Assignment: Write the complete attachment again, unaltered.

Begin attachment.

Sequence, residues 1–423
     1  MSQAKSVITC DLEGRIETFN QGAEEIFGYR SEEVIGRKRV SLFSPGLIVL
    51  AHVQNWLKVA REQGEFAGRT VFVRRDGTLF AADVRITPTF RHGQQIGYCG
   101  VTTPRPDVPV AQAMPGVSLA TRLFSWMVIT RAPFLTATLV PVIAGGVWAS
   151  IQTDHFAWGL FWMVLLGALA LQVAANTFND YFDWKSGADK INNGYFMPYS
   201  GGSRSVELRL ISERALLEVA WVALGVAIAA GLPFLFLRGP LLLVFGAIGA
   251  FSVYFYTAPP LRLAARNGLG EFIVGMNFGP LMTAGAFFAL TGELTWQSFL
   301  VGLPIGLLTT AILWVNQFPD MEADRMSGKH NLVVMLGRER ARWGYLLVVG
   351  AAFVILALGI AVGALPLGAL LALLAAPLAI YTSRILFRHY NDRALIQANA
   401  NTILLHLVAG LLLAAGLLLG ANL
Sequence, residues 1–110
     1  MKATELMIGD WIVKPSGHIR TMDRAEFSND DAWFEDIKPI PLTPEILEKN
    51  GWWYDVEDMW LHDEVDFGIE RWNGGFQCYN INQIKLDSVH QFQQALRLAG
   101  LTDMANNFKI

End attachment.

Sequence, residues 1–423
     1  MSQAKSVITC DLEGRIETFN QGAEEIFGYR SEEVIGRKRV SLFSPGLIVL
    51  AHVQNWLKVA REQGEFAGRT VFVRRDGTLF AADVRITPTF RHGQQIGYCG
   101  VTTPRPDVPV AQAMPGVSLA TRLFSWMVIT RAPFLTATLV PVIAGGVWAS
   151  IQTDHFAWGL FWMVLLGALA LQVAANTFND YFDWKSGADK INNGYFMPYS
   201  GGSRSVELRL ISERALLEVA WVALGVAIAA GLPFLFLRGP LLLVFGAIGA
   251  FSVYFYTAPP LRLAARNGLG EFIVGMNFGP LMTAGAFFAL TGELTWQSFL
   301  VGLPIGLLTT AILWVNQFPD MEADRMSGKH NLVVMLGRER ARWGYLLVVG
   351  AAFVILALGI AVGALPLGAL LALLAAPLAI YTSRILFRHY NDRALIQANA
   401  NTILLHLVAG LLLAAGLLLG ANL
Sequence, residues 1–110
     1  MKATELMIGD WIVKPSGHIR TMDRAEFSND DAWFEDIKPI PLTPEILEKN
    51  GWWYDVEDMW LHDEVDFGIE RWNGGFQCYN INQIKLDSVH QFQQALRLAG
   101  LTDMANNFKI